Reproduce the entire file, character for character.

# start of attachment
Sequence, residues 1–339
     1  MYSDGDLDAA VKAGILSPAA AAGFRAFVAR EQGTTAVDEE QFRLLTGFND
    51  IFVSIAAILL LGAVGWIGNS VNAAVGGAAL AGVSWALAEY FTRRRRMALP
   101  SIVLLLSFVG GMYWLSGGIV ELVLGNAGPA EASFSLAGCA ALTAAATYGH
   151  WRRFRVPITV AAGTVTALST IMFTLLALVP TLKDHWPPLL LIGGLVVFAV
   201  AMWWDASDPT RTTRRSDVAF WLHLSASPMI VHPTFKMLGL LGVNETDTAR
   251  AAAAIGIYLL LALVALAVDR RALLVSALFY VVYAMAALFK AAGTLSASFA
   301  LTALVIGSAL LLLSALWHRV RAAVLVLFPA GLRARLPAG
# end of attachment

Sequence, residues 1–339
     1  MYSDGDLDAA VKAGILSPAA AAGFRAFVAR EQGTTAVDEE QFRLLTGFND
    51  IFVSIAAILL LGAVGWIGNS VNAAVGGAAL AGVSWALAEY FTRRRRMALP
   101  SIVLLLSFVG GMYWLSGGIV ELVLGNAGPA EASFSLAGCA ALTAAATYGH
   151  WRRFRVPITV AAGTVTALST IMFTLLALVP TLKDHWPPLL LIGGLVVFAV
   201  AMWWDASDPT RTTRRSDVAF WLHLSASPMI VHPTFKMLGL LGVNETDTAR
   251  AAAAIGIYLL LALVALAVDR RALLVSALFY VVYAMAALFK AAGTLSASFA
   301  LTALVIGSAL LLLSALWHRV RAAVLVLFPA GLRARLPAG